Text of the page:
Last Sunday 6th June, Uganda's President re-imposed a strict lockdown that includes the closure of all schools, bans on travel, the shutdown of weekly open markets, and the suspension of church services for 42 days, with the possibility of an extension. With the rate of COVID-19 victims higher than they were in 2020, hospitals short on medical supplies, and vaccinations unavailible, our friends in Uganda have difficult days before them.

Our students met this news with complete and utter despair. Students at our residential school, devastated by the news, packed up their belongings and had to go and find somewhere to stay. The feeling of hope being ripped out from under them, students stacked their belongings on the back of boda bodas, cars or even walked to return home, expressing feelings of fear and uncertainty about when they will be back.
Our staff put on brave faces as they consoled students, all while facing their own fears of of this lockdown for them and their families.

While we pray that the lockdown will be successful in subsiding the number of new COVID-19 cases, the restrictions will setback an already fragile economic recovery from the blow inflicted by last year's lockdown. COVID-19 has widened the inequality gap, and the social, economic and health impacts of the pandemic will reverberate for years to come, especially in communities where high levels of poverty were present pre-pandemic, as is in Ngora and surrounding districts.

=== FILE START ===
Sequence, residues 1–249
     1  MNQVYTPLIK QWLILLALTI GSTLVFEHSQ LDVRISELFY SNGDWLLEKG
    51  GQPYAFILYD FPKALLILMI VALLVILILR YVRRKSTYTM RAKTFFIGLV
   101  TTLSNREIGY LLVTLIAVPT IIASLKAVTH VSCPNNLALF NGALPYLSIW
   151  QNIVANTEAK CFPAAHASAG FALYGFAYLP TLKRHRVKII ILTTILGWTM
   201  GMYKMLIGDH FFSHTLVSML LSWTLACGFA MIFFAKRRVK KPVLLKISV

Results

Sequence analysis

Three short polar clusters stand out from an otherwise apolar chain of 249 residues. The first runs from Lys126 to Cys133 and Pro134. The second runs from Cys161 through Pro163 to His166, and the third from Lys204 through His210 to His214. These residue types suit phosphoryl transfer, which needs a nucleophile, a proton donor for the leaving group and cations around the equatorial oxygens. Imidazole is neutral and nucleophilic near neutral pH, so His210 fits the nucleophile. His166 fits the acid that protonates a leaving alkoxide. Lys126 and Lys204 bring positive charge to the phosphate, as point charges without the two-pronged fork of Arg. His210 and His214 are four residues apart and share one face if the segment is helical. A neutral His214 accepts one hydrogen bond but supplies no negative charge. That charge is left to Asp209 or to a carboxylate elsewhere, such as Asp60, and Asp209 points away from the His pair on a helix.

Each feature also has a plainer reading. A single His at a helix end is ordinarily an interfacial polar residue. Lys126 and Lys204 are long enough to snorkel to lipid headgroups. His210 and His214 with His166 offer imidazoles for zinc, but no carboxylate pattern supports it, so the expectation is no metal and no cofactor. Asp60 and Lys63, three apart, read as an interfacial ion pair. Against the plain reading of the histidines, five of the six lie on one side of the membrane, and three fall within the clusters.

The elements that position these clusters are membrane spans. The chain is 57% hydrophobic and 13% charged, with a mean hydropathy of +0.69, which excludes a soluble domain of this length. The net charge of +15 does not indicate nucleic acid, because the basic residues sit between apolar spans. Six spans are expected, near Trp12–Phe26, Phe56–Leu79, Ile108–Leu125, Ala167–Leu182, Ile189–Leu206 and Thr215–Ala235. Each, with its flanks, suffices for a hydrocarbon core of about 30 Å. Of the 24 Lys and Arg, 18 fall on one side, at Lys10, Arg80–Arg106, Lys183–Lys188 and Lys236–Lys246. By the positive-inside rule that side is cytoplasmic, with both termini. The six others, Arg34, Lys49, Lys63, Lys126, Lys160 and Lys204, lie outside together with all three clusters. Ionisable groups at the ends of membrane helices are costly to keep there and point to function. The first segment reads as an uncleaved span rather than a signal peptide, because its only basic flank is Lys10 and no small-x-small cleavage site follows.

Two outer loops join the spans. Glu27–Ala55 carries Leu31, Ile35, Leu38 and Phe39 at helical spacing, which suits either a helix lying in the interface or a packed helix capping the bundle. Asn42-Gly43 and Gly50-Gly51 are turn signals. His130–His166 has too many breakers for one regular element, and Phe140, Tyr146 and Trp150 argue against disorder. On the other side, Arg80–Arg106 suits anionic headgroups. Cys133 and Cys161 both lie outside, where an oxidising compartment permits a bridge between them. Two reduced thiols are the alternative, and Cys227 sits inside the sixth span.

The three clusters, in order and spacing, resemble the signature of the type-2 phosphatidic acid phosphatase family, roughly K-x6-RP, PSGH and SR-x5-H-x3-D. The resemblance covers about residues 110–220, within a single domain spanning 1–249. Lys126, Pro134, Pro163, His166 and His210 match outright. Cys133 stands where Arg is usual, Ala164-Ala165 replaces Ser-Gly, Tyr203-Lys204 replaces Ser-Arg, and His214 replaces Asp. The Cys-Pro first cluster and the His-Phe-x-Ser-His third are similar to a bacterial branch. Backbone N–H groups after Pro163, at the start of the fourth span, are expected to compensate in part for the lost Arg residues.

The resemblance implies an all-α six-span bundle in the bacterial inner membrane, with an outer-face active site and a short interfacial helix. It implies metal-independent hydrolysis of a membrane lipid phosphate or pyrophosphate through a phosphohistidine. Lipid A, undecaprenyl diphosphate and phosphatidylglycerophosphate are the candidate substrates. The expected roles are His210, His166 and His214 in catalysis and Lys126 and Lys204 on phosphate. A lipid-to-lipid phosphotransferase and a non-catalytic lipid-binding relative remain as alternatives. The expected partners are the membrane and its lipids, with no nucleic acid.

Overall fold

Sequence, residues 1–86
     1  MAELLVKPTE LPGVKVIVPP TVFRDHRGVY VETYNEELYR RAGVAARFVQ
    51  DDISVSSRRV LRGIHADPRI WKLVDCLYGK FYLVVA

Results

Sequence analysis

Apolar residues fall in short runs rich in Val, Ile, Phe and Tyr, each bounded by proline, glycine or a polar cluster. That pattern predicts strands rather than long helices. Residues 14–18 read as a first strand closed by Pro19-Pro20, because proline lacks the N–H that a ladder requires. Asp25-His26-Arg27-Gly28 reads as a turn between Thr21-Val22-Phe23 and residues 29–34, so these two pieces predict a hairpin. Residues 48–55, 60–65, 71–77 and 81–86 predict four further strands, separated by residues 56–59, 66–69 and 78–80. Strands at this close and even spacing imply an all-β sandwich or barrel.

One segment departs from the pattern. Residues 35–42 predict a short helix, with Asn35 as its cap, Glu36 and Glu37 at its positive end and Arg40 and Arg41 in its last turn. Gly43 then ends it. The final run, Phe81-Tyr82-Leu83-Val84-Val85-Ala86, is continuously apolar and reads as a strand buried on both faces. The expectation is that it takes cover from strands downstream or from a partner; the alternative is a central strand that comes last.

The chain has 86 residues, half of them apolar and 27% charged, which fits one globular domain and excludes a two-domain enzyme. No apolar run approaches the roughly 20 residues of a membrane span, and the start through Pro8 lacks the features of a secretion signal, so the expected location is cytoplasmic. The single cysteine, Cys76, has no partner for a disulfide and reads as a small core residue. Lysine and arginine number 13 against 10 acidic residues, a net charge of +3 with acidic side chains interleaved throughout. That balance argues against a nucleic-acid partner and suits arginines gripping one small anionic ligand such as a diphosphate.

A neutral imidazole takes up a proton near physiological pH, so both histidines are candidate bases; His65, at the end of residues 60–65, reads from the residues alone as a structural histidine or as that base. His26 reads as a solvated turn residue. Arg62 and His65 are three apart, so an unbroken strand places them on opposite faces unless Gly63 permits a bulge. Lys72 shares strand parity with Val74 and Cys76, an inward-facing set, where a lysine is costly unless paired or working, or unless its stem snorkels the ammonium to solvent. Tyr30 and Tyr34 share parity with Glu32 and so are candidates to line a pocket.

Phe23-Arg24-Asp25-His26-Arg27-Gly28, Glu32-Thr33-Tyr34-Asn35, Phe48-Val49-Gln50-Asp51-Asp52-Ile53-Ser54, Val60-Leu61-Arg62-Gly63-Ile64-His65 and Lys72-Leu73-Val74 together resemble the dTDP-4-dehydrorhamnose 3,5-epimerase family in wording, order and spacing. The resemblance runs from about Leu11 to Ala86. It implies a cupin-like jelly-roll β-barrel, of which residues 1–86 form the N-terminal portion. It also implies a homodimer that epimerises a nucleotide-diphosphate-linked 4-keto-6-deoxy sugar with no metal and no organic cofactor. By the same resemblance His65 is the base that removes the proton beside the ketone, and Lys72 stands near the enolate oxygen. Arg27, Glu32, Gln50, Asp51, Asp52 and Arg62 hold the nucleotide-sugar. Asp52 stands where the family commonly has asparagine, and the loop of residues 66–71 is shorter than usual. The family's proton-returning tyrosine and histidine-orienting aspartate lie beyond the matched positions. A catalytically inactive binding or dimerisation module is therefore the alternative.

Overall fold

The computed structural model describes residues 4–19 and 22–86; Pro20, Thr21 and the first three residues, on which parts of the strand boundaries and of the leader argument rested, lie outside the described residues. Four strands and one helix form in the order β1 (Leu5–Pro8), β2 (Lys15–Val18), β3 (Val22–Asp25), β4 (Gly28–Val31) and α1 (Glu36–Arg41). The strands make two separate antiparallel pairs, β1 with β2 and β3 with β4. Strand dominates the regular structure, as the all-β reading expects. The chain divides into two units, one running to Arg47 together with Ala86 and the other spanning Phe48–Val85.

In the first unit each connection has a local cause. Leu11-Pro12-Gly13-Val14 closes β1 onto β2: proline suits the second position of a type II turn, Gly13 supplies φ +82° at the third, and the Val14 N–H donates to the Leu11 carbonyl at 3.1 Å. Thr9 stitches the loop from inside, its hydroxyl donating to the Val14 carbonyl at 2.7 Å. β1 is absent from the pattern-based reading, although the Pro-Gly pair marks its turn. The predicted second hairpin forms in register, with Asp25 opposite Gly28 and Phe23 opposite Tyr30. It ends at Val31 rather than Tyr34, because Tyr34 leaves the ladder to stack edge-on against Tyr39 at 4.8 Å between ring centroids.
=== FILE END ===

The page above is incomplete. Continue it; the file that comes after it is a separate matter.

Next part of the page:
The coming days are a critical moment to save lives. While the UK is looking at the pandemic in the rearview mirror, we ask that you stay engaged with the status in Uganda as we respond to the increasing threat. This pandemic has been a shared challenge across the world, and even though restrictions are lifting in the UK, many parts of the world are still in desperate need of global solidarity as they continue to fight. 

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